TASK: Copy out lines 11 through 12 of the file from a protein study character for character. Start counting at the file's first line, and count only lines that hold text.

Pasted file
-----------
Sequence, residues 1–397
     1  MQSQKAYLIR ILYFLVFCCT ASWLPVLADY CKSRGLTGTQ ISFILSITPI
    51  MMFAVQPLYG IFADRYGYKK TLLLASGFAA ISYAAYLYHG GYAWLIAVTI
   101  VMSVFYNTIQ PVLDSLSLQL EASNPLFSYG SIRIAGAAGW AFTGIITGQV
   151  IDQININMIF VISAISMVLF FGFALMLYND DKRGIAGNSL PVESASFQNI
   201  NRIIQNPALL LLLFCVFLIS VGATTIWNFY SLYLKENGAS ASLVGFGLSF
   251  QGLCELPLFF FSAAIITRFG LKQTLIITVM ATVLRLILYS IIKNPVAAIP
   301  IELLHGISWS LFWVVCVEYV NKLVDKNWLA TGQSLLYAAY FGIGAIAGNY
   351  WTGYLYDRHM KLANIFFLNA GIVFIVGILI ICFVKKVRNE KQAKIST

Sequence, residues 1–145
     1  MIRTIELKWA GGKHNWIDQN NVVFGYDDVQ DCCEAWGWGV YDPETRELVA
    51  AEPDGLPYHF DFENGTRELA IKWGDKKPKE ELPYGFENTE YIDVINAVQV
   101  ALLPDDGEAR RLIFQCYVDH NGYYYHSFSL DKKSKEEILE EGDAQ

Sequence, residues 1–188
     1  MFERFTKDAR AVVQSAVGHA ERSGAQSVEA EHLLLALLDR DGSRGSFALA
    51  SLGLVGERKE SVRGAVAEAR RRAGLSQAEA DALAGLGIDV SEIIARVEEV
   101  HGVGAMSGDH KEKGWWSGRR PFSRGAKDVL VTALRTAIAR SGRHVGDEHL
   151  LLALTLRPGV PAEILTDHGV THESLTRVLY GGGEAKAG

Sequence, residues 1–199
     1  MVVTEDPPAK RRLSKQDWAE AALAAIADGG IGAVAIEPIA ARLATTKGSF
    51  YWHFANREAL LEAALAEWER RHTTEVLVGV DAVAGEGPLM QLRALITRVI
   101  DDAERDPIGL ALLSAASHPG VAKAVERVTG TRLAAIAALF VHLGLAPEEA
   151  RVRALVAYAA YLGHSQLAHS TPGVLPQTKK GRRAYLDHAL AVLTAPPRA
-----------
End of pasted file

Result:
     1  MIRTIELKWA GGKHNWIDQN NVVFGYDDVQ DCCEAWGWGV YDPETRELVA
    51  AEPDGLPYHF DFENGTRELA IKWGDKKPKE ELPYGFENTE YIDVINAVQV